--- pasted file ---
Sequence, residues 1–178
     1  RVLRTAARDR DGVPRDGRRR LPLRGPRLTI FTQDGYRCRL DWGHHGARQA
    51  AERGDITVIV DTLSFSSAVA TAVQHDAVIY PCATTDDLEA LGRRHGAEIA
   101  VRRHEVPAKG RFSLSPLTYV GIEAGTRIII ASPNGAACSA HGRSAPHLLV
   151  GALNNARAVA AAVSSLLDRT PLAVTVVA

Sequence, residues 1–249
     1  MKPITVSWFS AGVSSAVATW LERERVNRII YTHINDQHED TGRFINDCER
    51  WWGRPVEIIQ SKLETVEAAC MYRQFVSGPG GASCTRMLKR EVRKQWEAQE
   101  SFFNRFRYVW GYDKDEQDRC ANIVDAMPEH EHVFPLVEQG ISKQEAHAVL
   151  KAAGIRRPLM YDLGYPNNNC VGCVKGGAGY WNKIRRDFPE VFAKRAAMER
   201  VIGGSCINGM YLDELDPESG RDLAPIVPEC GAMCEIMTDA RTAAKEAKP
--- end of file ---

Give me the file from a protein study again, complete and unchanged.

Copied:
Sequence, residues 1–178
     1  RVLRTAARDR DGVPRDGRRR LPLRGPRLTI FTQDGYRCRL DWGHHGARQA
    51  AERGDITVIV DTLSFSSAVA TAVQHDAVIY PCATTDDLEA LGRRHGAEIA
   101  VRRHEVPAKG RFSLSPLTYV GIEAGTRIII ASPNGAACSA HGRSAPHLLV
   151  GALNNARAVA AAVSSLLDRT PLAVTVVA

Sequence, residues 1–249
     1  MKPITVSWFS AGVSSAVATW LERERVNRII YTHINDQHED TGRFINDCER
    51  WWGRPVEIIQ SKLETVEAAC MYRQFVSGPG GASCTRMLKR EVRKQWEAQE
   101  SFFNRFRYVW GYDKDEQDRC ANIVDAMPEH EHVFPLVEQG ISKQEAHAVL
   151  KAAGIRRPLM YDLGYPNNNC VGCVKGGAGY WNKIRRDFPE VFAKRAAMER
   201  VIGGSCINGM YLDELDPESG RDLAPIVPEC GAMCEIMTDA RTAAKEAKP